FORT MEADE, Md. -- Bradley Manning's defense took a blow on Thursday as the judge overseeing his case, Col. Denise Lind, denied his motion to dismiss the aiding the enemy charge against him. If convicted, the Army private first class who has admitted to sending 700,000 files to WikiLeaks could face a life sentence.
Lawyers for Manning had moved to dismiss the charge for lack of evidence. After weeks of testimony, the prosecution in the case has presented at best circumstantial evidence to suggest that Manning knew his disclosures would wind up in al Qaeda's hands, a necessary element of the aiding the enemy charge. Although judges only occasionally grant motions to dismiss charges, one military law expert had suggested that it was a possibility here, given the weakness of the prosecution's case.
In the first phase of the trial, Lind has decided what evidence can be entered and whether it meets the bare minimum for the elements of the charge. On Thursday Lind refused to throw out both aiding the enemy and another charge, violating the Computer Fraud and Abuse Act, citing a legal rule that at this point in the trial, the evidence must be "viewed in the light most favorable to the prosecution."
When it was introduced in March 2011, the aiding the enemy charge aroused outrage from media freedom advocates, who charged that it criminalized leaking to the press. The government's theory in the case is that Manning knew the State Department cables and military war logs he sent to WikiLeaks would wind up in Osama bin Laden's possession, because al Qaeda uses the internet.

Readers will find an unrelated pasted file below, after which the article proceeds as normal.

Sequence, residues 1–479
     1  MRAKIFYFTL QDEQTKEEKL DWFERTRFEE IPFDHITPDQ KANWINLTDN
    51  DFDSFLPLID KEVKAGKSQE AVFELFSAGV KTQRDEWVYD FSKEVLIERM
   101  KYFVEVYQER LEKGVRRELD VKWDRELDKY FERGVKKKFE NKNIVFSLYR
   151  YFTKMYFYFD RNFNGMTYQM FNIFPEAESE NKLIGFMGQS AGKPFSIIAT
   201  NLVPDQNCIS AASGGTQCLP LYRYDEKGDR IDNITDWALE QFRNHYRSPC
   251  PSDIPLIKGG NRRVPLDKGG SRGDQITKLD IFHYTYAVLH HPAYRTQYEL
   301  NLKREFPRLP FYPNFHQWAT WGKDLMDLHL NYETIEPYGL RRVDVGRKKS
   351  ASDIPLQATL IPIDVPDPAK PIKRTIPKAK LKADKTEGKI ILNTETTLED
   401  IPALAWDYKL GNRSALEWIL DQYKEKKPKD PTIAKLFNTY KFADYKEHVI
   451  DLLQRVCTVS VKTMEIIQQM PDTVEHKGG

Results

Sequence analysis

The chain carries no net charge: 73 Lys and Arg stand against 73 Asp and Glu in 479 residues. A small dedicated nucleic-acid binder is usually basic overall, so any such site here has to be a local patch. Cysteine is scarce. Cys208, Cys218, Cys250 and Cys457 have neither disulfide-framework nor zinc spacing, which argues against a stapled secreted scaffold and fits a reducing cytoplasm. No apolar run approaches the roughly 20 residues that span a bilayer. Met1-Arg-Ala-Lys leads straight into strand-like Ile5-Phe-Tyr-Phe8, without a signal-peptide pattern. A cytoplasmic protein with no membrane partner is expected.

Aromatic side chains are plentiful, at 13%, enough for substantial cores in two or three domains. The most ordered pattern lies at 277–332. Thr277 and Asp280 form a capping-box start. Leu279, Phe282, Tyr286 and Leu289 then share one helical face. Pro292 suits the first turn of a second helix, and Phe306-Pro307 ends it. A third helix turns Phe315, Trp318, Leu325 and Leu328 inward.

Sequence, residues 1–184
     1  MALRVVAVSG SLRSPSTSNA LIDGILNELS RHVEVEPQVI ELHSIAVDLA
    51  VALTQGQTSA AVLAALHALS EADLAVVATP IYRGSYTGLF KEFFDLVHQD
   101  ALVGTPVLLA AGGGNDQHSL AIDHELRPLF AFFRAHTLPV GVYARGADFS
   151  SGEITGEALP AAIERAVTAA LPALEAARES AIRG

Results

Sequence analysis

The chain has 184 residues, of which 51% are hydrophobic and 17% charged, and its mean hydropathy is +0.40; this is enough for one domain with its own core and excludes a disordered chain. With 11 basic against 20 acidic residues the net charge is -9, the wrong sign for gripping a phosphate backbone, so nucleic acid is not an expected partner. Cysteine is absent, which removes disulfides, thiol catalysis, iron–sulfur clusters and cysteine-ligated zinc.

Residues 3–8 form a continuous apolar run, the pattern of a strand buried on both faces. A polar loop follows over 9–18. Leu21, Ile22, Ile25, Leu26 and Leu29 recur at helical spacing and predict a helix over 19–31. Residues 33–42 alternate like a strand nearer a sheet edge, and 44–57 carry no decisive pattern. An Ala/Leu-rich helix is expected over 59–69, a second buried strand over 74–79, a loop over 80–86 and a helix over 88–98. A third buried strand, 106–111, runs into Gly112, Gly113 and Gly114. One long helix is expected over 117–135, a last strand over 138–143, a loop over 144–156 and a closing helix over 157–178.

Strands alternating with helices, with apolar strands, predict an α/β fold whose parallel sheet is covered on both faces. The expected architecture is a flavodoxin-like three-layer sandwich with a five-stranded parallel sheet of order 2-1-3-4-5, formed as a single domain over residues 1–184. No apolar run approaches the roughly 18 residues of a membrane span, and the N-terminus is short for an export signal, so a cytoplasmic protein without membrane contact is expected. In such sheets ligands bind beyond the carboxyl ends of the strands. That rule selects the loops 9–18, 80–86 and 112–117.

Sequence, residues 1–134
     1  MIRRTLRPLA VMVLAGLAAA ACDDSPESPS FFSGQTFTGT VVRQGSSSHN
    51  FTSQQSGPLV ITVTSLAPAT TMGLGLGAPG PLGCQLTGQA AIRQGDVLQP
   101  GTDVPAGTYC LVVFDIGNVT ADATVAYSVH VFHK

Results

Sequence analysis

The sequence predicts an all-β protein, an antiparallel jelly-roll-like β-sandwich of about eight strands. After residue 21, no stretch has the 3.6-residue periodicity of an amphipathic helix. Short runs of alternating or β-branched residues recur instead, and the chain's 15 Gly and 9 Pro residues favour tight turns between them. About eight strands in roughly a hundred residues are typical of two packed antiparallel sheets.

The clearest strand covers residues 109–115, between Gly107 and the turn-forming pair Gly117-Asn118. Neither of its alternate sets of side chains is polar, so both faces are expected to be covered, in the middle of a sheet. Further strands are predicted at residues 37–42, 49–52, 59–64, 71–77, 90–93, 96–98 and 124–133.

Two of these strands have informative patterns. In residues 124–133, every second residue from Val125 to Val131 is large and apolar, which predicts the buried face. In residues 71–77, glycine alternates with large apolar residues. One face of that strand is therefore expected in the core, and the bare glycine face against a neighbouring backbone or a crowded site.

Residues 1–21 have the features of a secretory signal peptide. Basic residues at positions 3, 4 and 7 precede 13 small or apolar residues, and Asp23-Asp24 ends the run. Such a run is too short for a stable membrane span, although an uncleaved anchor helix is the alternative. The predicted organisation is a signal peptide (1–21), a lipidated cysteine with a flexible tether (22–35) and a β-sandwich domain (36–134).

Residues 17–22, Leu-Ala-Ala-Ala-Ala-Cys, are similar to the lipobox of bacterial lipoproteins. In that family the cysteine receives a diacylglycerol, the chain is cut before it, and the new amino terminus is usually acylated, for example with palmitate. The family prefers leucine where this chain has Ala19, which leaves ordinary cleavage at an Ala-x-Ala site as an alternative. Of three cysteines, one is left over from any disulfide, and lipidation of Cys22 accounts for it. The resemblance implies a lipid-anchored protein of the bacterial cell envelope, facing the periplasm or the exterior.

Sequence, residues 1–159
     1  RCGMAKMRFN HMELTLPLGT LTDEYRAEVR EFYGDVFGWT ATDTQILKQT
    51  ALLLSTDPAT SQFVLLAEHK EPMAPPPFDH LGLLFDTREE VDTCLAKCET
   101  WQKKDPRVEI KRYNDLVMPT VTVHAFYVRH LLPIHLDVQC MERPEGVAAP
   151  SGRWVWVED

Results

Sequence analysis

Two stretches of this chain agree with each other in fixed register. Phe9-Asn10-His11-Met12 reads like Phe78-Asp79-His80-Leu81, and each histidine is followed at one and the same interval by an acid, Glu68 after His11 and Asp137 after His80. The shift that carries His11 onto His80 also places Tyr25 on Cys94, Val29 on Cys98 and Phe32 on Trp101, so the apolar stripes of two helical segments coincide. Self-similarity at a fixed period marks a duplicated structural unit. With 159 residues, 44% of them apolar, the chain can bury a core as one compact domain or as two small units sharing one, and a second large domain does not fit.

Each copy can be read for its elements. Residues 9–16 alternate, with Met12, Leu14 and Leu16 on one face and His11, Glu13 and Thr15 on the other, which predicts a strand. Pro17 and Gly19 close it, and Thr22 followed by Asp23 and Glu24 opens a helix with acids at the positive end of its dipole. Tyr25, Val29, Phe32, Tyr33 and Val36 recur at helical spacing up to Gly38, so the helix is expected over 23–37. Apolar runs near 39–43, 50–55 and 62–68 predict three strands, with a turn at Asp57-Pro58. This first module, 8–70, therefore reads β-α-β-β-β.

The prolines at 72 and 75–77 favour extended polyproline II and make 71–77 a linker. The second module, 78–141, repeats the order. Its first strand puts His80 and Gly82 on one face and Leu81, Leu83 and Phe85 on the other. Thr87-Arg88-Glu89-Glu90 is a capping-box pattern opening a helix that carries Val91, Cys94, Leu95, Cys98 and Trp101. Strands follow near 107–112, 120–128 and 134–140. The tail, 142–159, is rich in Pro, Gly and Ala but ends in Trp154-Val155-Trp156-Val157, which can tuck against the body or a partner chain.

After the trial's closing arguments, which could come as soon as Friday, Lind will take on a separate role of actually weighing the evidence against Manning. She will decide his guilt on the aiding the enemy charge and 21 other charges against him then on a different standard: whether he has been proven guilty beyond a reasonable doubt.
Widney Brown, senior director of International Law and Policy at Amnesty International, said in a statement after the decision Thursday, "The charge of ‘aiding the enemy’ is ludicrous."
"What’s surprising is that the prosecutors in this case, who have a duty to act in the interest of justice, have pushed a theory that making information available on the internet -- whether through Wikileaks, in a personal blog posting, or on the website of The New York Times -- can amount to ‘aiding the enemy’,” he said.
This post has been updated to include comment from Amnesty International.